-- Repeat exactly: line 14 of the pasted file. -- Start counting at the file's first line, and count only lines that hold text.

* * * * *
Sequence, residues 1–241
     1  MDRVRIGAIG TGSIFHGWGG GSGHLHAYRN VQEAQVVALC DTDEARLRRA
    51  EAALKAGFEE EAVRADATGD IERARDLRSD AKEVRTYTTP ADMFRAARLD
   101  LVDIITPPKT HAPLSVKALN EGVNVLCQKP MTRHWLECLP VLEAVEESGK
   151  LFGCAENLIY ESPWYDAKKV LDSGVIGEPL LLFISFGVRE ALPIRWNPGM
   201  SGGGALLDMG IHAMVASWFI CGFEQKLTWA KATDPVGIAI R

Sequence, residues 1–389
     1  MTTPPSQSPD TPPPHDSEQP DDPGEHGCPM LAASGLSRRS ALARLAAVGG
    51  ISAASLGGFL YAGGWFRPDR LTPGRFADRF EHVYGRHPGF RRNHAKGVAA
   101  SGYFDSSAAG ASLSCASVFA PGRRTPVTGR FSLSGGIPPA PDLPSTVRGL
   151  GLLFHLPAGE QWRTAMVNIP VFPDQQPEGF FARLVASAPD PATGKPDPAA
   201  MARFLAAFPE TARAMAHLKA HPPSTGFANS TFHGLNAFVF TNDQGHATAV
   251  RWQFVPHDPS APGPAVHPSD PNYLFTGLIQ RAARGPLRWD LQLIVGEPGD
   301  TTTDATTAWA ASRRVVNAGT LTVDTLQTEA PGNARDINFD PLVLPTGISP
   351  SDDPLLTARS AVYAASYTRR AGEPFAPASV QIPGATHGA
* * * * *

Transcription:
   301  TTTDATTAWA ASRRVVNAGT LTVDTLQTEA PGNARDINFD PLVLPTGISP